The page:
How did your Portable project first come about and how did that transition to your work as Bodycode? What differentiates the two?
My earliest Portable work was a type of reaction to dance music at the time. Rhythmic, but as a ghostly element of the dance music structure. Later, once I started touring, many of the offers were in club environments, so I needed to jack up my original Portable sound to be more dancey in live situations. Upon doing this at a gig in Detroit, the Ghostly/Spectral guys asked me to make a similar project for them, being one squarely aimed at the dancefloor, and Bodycode was born. The difference between the two lies in the fact that Portable still remains within the realms of experimental music -- my current album playing with the boundaries of pop-inspired music and underground house, and Bodycode [is] always squarely aimed at the dancefloor.
Did you feel a musical kinship with the Detroit school before joining the label? Or do you feel one now that you've released with them?
As far as kinship is concerned, I never thought of it in that way, really. I'd like to think of my music as universal. Not specifically from one city in the USA, but from the world as a whole.
You've described Bodycode as a channel for "unlocking the psyche via the body." How important is the psyche when it comes to the dancefloor? What emotions or subjective experiences are you looking to put listeners through with the music?
I've always felt that dancing, in its purest form, with only the aid of sound, can unlock the psyche. It's a type of communion with your inner self. I feel it really goes back to our ancestral times when we used to dance around the fire, as a form of communion with each other and our inner self. I feel that's what the dancefloor actually is, a kind of evolved fire-dancing ritual, a form of dance therapy as it were. I find this over and over during my live performances. It starts with me -- the energy I put into the performance directly reflects upon the energy felt on the dancefloor.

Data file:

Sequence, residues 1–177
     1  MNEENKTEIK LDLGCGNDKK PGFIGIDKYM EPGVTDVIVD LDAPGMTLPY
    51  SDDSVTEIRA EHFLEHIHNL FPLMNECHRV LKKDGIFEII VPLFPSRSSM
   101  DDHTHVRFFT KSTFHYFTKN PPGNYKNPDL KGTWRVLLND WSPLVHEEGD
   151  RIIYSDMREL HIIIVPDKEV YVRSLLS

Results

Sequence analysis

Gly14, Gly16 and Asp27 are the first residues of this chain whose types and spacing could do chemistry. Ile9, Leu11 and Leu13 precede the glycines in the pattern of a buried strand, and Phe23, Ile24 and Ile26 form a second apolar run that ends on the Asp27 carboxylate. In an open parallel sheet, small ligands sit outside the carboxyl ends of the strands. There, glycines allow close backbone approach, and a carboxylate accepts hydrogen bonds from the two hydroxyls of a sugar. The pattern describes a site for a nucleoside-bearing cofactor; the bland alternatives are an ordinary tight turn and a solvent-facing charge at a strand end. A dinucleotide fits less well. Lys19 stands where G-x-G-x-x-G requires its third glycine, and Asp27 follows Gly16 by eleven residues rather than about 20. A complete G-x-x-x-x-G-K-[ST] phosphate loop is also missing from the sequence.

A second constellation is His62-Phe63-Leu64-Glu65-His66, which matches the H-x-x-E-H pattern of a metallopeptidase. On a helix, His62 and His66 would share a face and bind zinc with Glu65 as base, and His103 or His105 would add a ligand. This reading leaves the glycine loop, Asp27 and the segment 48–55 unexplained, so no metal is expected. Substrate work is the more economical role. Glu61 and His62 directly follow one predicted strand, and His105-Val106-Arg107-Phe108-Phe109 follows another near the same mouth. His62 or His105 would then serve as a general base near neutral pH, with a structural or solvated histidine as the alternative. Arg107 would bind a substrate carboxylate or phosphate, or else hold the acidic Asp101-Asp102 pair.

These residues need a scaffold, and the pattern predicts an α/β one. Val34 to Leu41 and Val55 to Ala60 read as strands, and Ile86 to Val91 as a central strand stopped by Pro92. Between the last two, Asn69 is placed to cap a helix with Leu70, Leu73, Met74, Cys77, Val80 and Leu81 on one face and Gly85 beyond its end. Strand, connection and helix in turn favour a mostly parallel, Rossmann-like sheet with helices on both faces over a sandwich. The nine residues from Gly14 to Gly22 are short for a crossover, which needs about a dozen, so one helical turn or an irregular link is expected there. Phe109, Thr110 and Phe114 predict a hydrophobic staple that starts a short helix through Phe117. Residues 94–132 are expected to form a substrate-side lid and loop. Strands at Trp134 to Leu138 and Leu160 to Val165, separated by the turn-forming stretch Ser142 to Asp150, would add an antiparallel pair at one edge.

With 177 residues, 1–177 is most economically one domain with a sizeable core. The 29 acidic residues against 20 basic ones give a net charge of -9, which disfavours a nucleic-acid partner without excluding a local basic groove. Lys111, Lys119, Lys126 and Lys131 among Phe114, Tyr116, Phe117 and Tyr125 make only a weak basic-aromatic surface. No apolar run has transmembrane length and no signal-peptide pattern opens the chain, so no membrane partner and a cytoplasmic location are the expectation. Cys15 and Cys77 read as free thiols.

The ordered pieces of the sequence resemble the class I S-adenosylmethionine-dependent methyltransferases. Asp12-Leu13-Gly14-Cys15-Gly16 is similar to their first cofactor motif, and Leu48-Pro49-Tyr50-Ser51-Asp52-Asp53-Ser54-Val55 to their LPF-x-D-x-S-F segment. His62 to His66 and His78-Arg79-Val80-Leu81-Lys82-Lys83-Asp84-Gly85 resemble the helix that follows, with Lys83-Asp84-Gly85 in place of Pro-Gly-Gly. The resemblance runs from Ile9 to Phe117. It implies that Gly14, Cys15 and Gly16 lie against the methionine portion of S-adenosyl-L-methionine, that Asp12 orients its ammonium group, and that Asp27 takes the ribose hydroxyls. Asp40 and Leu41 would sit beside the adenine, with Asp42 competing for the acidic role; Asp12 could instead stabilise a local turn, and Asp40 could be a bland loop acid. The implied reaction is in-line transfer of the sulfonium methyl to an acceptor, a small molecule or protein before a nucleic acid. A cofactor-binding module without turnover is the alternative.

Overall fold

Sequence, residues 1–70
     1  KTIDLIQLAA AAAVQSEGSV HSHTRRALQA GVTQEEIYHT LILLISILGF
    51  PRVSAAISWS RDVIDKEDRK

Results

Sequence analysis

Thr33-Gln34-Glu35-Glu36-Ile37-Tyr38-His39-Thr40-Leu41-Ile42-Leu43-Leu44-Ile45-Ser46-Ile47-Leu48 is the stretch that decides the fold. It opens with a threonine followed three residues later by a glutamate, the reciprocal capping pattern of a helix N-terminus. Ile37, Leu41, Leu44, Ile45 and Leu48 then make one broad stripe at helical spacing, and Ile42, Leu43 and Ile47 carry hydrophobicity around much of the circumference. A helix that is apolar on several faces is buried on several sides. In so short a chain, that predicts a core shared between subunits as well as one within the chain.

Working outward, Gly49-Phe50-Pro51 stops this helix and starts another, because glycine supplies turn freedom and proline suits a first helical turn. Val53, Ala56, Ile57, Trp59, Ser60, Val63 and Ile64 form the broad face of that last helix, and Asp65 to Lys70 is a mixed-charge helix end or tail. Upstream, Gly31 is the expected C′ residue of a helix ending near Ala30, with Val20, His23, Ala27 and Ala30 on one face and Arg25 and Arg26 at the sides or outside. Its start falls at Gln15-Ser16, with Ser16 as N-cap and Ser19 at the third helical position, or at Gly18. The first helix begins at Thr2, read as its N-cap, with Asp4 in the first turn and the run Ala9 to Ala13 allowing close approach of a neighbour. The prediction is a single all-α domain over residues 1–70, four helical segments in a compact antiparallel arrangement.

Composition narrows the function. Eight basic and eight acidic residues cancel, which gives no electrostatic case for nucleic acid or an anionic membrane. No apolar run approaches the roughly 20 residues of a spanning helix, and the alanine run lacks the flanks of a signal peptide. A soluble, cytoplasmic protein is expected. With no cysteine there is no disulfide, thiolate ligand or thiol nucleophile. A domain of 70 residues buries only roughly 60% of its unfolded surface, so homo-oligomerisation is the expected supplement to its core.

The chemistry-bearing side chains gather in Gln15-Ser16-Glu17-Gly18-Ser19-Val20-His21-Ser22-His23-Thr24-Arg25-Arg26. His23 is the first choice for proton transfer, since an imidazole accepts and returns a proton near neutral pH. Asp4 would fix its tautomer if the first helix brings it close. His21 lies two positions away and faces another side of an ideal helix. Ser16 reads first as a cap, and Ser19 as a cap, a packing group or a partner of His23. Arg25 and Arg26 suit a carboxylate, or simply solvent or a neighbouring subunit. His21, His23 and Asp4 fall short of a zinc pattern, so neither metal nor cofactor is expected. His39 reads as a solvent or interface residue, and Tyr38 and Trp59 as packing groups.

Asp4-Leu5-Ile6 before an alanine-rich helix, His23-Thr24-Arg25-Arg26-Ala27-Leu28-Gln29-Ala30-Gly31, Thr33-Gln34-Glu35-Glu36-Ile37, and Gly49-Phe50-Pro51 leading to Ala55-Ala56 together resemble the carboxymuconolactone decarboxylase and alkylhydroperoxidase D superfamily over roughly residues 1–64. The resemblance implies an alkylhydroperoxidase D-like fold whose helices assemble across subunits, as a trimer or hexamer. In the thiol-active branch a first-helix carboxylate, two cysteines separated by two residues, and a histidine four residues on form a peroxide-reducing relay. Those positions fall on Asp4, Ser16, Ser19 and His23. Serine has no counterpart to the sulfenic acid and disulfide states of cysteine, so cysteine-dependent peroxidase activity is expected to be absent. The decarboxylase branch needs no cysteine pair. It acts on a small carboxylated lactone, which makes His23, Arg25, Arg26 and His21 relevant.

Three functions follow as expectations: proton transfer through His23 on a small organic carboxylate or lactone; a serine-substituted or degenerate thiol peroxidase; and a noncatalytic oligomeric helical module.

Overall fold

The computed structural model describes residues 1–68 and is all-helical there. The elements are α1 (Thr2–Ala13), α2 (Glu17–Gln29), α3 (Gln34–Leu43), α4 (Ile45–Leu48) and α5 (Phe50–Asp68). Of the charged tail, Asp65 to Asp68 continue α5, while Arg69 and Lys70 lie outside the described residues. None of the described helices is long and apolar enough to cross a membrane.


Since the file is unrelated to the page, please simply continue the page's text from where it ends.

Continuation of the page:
You seem to have a very conceptual approach to your music and artistic persona. What inspires you artistically and intellectually outside of music?
I draw a lot of my inspiration from nature. I try [to] take time out and withdraw from my hectic lifestyle. I also read a lot of science fiction and this bleeds across into my music and sound.
What prompted you to launch Süd Electronic and what's been going on with the label lately? Any forthcoming projects or releases?
We wanted to have a voice saying, This is South Africa's angle on electronic music -- "süd" meaning "south" in German. This past year we have been taking a little break. Lerato, my partner, with her label Uzuri, and me with my touring and album. But next year, we're set to relaunch the label with a remix release of one of my Portable tracks, "Albatross".
Where do you see yourself taking your projects and sound in the future? Are you planning to stay in the EDM game long-term? Or do you see yourself expanding into other musical styles
Well, right now, I am working on music for a contemporary dance piece for a festival in Berlin in January, and I intend to make more music for films in the immediate future. I am also working on a new Bodycode album for Ghostly/Spectral. And as the winter is setting in, I will aim to finish it during this time.
As far as staying within the EDM game, I like to think that my sound is mine, the Portable/Bodycode sound, and I intend to continue staying true to it and follow the inspiration and honesty wherever it takes us.
What can Miami expect during your performance at the Electric Pickle?
I will be showcasing a lot of the new Portable Into Infinity album. There will be live singing, there will be sweating, there will be joy, and maybe, just maybe, some tears along the way!
Portable AKA Bodycode with Stryke. Friday, November 18. Electric Pickle, 2826 N. Miami Ave., Miami. The show starts at 10 p.m. Call 305-456-5613 or visit electricpicklemiami.com.